Engagements, weddings or just couples in love, there is a special art to creating the perfect romantic image. It’s all about freezing the moment and capturing the emotion, and needs to be completely different to a formal, posed portrait. This is about the connection between two people and the more creative you are about showing it, the more original your romantic photography will be – so here’s how to steer clear of the saccharine clichés and aim for something more meaningful.
Where to start
As for any photographic shoot, forward planning is essential. Your location might be fixed if, for example, you’re taking some romantic shots on a couple’s wedding day, but for engagement shots or simply couples’ portraits, the decision of where to take the pictures can be critical. A location that has some special meaning to your subjects is a great idea, but if they don’t have any thoughts, it might fall on you to come up with suggestions. Studio shots tend to look posed and less natural, so scout out some outdoor spots such as gardens, parks and other natural settings. Of course, this means that the weather comes into play, but even in winter, frosty or misty days can make for a wonderful atmosphere.
Advice for your couple
It’s important to manage your couple’s expectations. Before the shoot, talk to them about what style of picture they’re looking for. Show them previous couple shoots you’ve done and ask them which pictures they like and why, or get them to show you a couple of examples of images that they’ve spotted elsewhere. This is the point to decide on the location and to get them to think about what they might wear for the photos.
A lot of people feel awkward when put in front of a camera, and this can be doubly so for a couple, especially if it’s their first photo shoot together. On the day, you need to do all you can to make them feel relaxed. You want their feelings for each other to shine through naturally, not via staged and stiff poses that makes them feel embarrassed.
One way of getting them to loosen up is to chat to them while you set up your camera and take a few test shots. Ask they how they met and what their wedding and honeymoon plans are. Once you get the sense that they’re feeling more relaxed, you can start the shoot for real. Finding something to get them laughing together goes a long way towards getting a more natural result. Then keep shooting – with luck, you’ll be able to capture an unconscious glance or touch that comes without thinking.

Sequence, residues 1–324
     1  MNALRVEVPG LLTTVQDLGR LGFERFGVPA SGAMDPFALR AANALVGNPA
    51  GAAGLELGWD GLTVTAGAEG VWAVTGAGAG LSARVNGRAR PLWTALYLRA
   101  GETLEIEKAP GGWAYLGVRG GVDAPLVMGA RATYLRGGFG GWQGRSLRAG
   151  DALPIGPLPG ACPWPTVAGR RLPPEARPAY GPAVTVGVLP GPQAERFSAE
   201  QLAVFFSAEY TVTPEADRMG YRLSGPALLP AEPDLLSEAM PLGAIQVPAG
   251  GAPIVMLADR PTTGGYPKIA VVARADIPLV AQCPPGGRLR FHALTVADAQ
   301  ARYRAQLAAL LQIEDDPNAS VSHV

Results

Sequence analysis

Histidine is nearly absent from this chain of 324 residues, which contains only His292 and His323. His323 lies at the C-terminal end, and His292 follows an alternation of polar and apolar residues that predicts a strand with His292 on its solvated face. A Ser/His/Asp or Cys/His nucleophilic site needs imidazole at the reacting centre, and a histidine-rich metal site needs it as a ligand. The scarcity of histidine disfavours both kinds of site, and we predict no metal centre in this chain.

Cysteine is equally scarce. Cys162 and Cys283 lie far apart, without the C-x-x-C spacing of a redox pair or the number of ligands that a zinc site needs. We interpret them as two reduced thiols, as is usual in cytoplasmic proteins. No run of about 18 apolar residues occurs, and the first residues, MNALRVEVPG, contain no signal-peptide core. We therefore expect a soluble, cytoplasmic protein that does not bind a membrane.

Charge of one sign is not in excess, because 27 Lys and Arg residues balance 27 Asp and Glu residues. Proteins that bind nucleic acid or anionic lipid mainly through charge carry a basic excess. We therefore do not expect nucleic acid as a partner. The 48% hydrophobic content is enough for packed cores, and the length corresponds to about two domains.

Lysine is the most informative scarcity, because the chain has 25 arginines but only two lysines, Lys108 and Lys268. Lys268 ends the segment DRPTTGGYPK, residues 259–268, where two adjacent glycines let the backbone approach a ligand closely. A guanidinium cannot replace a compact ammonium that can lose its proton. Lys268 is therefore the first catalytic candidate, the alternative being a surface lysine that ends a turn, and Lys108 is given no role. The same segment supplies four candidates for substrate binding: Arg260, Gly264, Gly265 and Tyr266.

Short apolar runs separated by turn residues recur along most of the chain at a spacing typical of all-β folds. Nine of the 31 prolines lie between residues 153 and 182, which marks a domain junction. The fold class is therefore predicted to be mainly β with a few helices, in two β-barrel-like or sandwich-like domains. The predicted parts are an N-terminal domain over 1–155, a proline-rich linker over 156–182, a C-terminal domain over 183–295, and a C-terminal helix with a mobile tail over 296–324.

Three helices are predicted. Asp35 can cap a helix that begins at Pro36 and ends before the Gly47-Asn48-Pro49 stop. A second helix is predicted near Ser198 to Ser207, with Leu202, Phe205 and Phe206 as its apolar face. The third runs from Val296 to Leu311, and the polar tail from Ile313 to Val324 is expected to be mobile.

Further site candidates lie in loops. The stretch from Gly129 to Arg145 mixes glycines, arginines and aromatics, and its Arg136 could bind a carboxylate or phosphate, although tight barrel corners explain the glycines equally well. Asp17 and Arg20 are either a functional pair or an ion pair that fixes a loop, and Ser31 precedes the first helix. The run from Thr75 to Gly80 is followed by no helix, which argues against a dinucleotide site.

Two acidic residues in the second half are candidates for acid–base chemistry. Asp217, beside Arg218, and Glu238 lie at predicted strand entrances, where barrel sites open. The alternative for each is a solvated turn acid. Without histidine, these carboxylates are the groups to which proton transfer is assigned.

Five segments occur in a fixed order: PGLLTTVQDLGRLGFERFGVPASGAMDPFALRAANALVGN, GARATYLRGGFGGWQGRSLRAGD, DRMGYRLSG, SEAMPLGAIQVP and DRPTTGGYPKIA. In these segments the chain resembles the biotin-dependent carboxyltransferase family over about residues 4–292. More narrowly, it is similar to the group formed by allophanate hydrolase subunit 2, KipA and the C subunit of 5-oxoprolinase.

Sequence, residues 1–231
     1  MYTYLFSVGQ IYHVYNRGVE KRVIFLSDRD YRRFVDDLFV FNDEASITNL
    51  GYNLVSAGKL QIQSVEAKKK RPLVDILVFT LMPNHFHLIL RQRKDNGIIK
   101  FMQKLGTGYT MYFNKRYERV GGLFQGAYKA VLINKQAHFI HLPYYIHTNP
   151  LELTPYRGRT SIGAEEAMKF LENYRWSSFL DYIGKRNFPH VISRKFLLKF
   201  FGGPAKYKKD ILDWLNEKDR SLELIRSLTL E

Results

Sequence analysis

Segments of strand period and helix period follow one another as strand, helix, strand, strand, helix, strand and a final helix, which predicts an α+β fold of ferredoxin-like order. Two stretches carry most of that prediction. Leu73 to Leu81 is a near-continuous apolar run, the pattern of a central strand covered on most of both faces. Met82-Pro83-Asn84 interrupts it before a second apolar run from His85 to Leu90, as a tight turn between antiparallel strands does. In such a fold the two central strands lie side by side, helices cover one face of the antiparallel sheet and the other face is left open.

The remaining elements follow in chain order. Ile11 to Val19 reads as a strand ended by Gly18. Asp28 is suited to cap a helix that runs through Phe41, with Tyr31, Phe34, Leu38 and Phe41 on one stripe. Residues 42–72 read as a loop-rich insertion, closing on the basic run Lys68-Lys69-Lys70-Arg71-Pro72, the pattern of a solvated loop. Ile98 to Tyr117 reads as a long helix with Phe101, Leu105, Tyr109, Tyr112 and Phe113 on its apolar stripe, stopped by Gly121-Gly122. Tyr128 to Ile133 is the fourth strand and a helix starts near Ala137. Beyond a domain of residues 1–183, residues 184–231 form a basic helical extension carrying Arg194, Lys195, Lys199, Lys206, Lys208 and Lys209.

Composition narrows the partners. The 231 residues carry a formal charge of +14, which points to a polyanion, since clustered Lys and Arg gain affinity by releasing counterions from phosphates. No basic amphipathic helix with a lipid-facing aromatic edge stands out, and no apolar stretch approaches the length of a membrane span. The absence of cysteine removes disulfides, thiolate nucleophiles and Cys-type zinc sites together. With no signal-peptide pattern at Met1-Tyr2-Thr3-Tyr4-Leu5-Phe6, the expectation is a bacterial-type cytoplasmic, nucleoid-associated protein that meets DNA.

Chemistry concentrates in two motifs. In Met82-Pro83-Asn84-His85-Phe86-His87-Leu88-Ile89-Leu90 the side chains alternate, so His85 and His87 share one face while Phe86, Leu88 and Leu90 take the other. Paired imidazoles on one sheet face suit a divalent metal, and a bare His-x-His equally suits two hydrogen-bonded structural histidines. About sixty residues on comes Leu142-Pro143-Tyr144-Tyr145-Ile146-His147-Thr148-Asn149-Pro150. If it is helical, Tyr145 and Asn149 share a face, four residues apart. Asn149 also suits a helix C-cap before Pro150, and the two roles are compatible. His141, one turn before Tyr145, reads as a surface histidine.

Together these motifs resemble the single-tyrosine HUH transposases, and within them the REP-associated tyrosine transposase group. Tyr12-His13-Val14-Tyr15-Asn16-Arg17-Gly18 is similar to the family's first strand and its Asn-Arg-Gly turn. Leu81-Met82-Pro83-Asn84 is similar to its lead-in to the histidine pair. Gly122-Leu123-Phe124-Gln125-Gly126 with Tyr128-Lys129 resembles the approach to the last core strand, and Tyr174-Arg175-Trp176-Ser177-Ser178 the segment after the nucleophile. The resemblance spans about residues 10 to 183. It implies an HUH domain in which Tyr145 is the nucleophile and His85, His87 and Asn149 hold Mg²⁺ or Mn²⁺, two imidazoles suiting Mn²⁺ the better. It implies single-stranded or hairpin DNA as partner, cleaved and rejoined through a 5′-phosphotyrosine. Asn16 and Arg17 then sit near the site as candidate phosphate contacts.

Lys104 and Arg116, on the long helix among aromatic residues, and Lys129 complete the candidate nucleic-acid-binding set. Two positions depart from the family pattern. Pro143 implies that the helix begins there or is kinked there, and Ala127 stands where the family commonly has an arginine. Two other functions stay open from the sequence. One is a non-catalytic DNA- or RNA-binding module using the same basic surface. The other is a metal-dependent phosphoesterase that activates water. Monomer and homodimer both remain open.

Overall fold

The technical challenge
Romantic photography comes with its own set of challenges. You want to create images that show emotion, connection, warmth and joy. These are not formal portraits or gritty reportage, but at the same time you’ll want to avoid soft-focus schmaltz. In other words, you need to tread a fine line, and this is where your skill as a photographer comes into play.
- Location – of course, there are obvious locations for romantic photographs – standing in a rose garden, on a beach or on a footbridge are the sort of images we’ve seen a thousand times. But sometimes the unexpected can work even better. Pick an urban setting for a change – use depth of field to isolate your couple in a busy street or market. Or if they share a hobby, sport or activity, incorporate it into the shot – perhaps they enjoy cooking together, so take some pictures in the kitchen, or maybe they both love skiing or skate-boarding or dancing. Challenge your couple to think of somewhere different that has meaning for them.
- Lighting – flattering lighting is a must and the images need to be warm and romantic. Dawn and dusk can work well for couples shoots, and if you’re working during the middle of the day, try to avoid positioning your couple in direct sunlight which can be too bright and somewhat harsh. A softer light coming from the side will allow for light and shadow on their features, while light that falls on them from overhead or directly in front will flatten their faces. If the location is dull or badly lit, you might want to use your flash – in which case bounce it rather than aiming it directly at your couple.
- The private moment – put your couple in their own world by, for example, taking a picture of them through a window, between leafy branches or through a filter. To emphasise the connection between them, encourage eye contact between the couple rather than having them look towards the camera. Capture the touch of hand, a secret smile, the moment when they forgot you were there.
- Posing – you don’t want romantic pictures to look posed, but your couple might need some help. There’s nothing wrong with some suggestions – lean against a wall, hold hands, sit on a bench, embrace, kiss…but then let them interpret the poses to make them more natural. Ask them to walk towards you, and away into the distance to add movement to the image – a rear view of them walking hand in hand can be very effective.
- Smaller details – not every picture has to focus on their faces. Use their body language and take pictures of smaller details – clasped hands, a close embrace, a genuine show of affection. And not every image has to be serious. Show them laughing together and horsing around, ask them dance, catch them teasing each other – it’s when they’ll be most relaxed.
Ultimately, the most important thing to remember about a romantic photo shoot is that it’s all about them. Your job is to capture the emotion they have for each other in a way that suits them as a couple. Every couple is different, so a good photographer will help them to find a way of expressing this – and creating a set of beautiful images that they will cherish for years as they grow old together.
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